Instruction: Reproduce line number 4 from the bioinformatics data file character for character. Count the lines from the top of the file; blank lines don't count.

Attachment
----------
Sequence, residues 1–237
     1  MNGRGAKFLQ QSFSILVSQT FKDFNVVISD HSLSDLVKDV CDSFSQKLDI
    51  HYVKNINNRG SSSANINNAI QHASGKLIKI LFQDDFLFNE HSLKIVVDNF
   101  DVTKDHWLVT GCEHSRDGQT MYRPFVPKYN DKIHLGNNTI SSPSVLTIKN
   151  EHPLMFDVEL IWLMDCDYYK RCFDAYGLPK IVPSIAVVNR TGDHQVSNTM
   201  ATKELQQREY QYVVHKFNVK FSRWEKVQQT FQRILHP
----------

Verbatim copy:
   101  DVTKDHWLVT GCEHSRDGQT MYRPFVPKYN DKIHLGNNTI SSPSVLTIKN